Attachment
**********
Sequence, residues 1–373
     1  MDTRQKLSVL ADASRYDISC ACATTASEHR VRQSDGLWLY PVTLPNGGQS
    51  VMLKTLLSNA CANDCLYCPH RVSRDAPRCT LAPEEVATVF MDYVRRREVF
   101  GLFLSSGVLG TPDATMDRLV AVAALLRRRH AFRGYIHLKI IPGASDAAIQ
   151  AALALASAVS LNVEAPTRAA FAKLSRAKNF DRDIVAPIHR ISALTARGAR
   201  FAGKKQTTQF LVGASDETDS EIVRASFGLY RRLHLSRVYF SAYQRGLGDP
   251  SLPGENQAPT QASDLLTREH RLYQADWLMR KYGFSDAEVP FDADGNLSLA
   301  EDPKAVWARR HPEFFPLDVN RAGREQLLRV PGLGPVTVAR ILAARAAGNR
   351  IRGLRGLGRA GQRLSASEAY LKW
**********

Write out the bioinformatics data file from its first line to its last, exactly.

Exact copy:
Sequence, residues 1–373
     1  MDTRQKLSVL ADASRYDISC ACATTASEHR VRQSDGLWLY PVTLPNGGQS
    51  VMLKTLLSNA CANDCLYCPH RVSRDAPRCT LAPEEVATVF MDYVRRREVF
   101  GLFLSSGVLG TPDATMDRLV AVAALLRRRH AFRGYIHLKI IPGASDAAIQ
   151  AALALASAVS LNVEAPTRAA FAKLSRAKNF DRDIVAPIHR ISALTARGAR
   201  FAGKKQTTQF LVGASDETDS EIVRASFGLY RRLHLSRVYF SAYQRGLGDP
   251  SLPGENQAPT QASDLLTREH RLYQADWLMR KYGFSDAEVP FDADGNLSLA
   301  EDPKAVWARR HPEFFPLDVN RAGREQLLRV PGLGPVTVAR ILAARAAGNR
   351  IRGLRGLGRA GQRLSASEAY LKW